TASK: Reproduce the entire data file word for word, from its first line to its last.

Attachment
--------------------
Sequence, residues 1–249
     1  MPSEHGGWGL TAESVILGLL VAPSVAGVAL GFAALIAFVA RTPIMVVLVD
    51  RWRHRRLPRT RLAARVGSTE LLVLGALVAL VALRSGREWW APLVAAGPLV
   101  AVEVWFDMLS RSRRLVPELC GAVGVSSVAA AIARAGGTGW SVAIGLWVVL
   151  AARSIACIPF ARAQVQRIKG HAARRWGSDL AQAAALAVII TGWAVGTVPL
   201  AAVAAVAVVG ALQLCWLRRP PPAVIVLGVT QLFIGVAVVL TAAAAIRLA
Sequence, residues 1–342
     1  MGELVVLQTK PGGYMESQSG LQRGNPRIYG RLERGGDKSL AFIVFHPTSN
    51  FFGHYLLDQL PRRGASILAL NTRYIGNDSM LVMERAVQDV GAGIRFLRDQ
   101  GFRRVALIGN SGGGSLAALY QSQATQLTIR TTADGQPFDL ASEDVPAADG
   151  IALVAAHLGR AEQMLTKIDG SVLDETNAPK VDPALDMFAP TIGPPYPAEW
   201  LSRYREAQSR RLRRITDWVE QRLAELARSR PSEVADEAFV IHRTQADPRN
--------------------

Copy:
Sequence, residues 1–249
     1  MPSEHGGWGL TAESVILGLL VAPSVAGVAL GFAALIAFVA RTPIMVVLVD
    51  RWRHRRLPRT RLAARVGSTE LLVLGALVAL VALRSGREWW APLVAAGPLV
   101  AVEVWFDMLS RSRRLVPELC GAVGVSSVAA AIARAGGTGW SVAIGLWVVL
   151  AARSIACIPF ARAQVQRIKG HAARRWGSDL AQAAALAVII TGWAVGTVPL
   201  AAVAAVAVVG ALQLCWLRRP PPAVIVLGVT QLFIGVAVVL TAAAAIRLA
Sequence, residues 1–342
     1  MGELVVLQTK PGGYMESQSG LQRGNPRIYG RLERGGDKSL AFIVFHPTSN
    51  FFGHYLLDQL PRRGASILAL NTRYIGNDSM LVMERAVQDV GAGIRFLRDQ
   101  GFRRVALIGN SGGGSLAALY QSQATQLTIR TTADGQPFDL ASEDVPAADG
   151  IALVAAHLGR AEQMLTKIDG SVLDETNAPK VDPALDMFAP TIGPPYPAEW
   201  LSRYREAQSR RLRRITDWVE QRLAELARSR PSEVADEAFV IHRTQADPRN